I have been a school librarian for three years, which of course means pandemic-induced library contortions are my normal. That said, there is at least one idea that came out of the constraints of pandemic protocols that I’m happy to continue for years to come. I call it my lawn library.
Last year, like so many, we started the school year fully in distance learning. By January we started experimenting with a hybrid schedule, and in late March most of our school was back full time. Our ability to circulate books varied, and we met student needs as nimbly as possible during distance and hybrid learning. While students were all back on campus every day by March, we were still hamstrung in the library–our health protocols prohibited browsing and book displays.
In practice, these restrictions meant that students could search the catalog and make requests through a Google form, then I pulled the books and delivered them to students. We had a quarantine period set up for returns so areas of one floor of the library were covered in books waiting out their decontamination period. It worked fairly well for our students doing research where I provided instruction in class and other supports. But, without physical displays and browsing, our fiction was languishing.
Taking it–Thanksgiving dinner, family gatherings, restaurant dining, etc.–outdoors was the answer to so many challenges during the pandemic, and so it was for our library. I took our largest and shiniest book cart, added some signs, sent some email blasts and Canvas announcements, and (with the blessing of our Health Services folks and a few bottles of sanitizer) loaded it with the newest additions to the collection and most enticing fiction and headed outside. Each day the rain wasn’t falling, I brought our lawn library outside during break and lunch so students could finally get their eyes on some books just for pleasure.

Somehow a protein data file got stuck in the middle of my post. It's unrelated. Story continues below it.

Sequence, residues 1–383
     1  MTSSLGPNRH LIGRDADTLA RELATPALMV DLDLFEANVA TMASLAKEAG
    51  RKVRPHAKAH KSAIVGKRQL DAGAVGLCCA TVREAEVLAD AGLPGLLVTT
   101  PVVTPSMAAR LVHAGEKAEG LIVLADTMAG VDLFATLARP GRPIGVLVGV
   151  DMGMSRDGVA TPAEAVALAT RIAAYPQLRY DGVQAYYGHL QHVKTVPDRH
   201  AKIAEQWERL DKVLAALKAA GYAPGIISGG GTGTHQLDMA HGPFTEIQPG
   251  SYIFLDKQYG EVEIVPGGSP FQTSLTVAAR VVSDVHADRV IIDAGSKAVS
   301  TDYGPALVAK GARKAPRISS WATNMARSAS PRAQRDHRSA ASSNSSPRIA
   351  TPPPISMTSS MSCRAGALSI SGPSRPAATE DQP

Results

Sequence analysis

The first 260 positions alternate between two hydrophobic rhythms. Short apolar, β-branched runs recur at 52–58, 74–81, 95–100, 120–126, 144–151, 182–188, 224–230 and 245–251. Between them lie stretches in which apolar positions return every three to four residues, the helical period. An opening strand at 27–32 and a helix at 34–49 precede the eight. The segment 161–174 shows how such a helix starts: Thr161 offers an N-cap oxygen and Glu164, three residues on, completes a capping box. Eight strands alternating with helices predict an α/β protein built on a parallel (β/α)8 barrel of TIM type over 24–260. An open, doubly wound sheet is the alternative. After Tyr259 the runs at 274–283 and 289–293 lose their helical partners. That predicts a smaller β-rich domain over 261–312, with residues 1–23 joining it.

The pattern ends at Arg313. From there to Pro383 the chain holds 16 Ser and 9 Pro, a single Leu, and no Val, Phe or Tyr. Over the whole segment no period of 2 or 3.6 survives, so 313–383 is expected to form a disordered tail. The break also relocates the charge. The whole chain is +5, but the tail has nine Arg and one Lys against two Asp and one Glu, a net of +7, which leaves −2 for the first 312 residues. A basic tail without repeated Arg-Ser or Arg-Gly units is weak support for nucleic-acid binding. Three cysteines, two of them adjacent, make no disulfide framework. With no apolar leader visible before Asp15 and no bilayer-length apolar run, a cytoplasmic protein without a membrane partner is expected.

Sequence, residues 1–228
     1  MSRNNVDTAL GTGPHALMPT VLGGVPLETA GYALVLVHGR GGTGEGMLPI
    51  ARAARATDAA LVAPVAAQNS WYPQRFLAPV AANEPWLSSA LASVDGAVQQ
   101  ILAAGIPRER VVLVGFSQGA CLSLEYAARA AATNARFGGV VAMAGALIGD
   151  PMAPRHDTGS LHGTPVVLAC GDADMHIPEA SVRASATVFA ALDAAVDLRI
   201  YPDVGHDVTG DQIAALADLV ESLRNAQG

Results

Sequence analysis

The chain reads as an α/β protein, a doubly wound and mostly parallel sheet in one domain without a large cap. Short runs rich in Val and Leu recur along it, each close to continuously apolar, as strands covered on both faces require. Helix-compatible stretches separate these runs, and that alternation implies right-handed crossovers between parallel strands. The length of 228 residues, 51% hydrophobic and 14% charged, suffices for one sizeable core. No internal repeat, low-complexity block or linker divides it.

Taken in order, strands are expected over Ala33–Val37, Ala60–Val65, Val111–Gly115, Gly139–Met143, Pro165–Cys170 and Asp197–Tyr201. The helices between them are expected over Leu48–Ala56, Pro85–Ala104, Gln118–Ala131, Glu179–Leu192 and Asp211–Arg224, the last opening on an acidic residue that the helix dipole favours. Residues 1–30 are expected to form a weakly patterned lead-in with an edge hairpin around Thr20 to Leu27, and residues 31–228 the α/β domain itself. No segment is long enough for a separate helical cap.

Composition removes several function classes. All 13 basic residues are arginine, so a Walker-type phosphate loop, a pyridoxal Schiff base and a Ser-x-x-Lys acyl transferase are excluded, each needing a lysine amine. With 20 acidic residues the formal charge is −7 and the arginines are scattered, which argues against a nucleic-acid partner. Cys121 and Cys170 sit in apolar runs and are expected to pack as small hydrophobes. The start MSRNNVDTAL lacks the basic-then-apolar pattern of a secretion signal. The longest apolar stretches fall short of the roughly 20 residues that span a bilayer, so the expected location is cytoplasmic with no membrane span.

And folks, it worked! Tentatively at first, but then in groups, students came. They browsed the cart and checked things out. Faculty started stopping by regularly, delighted that we had the titles right there that they were on long wait lists for at their public libraries. Middle school students ran to me and squealed in delight that they could check books out (our middle school library was sadly not able to circulate books at all last year, and the kids were missing it dearly). I swapped the books out regularly, and adjusted based on what students asked for (all the fantasy, folks).
I admit that I probably wouldn’t have thought of such a simple way to get books in front of and in the hands of more students had it not been for the pandemic. Being forced to think outside the box–and outside the building–brought me to a solution, the usefulness of which will long outlast the health protocols that brought it about. Our library gets lots of student traffic, we are a busy place, but being outside we got in front of new students. And, we got on their radar when they were in a different mindset than when they came into the physical library. This year, I’ve suped up my lawn library cart with an elastic cord to keep the books in place as I rattle down the stone ramp to the courtyard where students still eat outdoor lunches. I imagine there will be more improvements as we continue.
How can we get outside our library boxes to surprise and delight our communities and ourselves?
I share my story, because I want to hear yours. What feats of ingenuity did you develop under duress the past two years that are worth sustaining? How can we continue to support the creative ventures that we all launched since 2020, even as the pressures and constraints that fueled them ebb? How can we get outside our library boxes to surprise and delight our communities and ourselves?
Great idea. I want to try this with my high school kids. Maybe even a once a week regular “lunch with a book” event out of doors.
Love the “lunch with a book” idea!
I’m betting you are enjoying the spring weather even more now that it’s a choice to be outside. Great thinking!
This is wonderful. Thank you for sharing.
Wonderful advocacy & connection – thanks for sharing!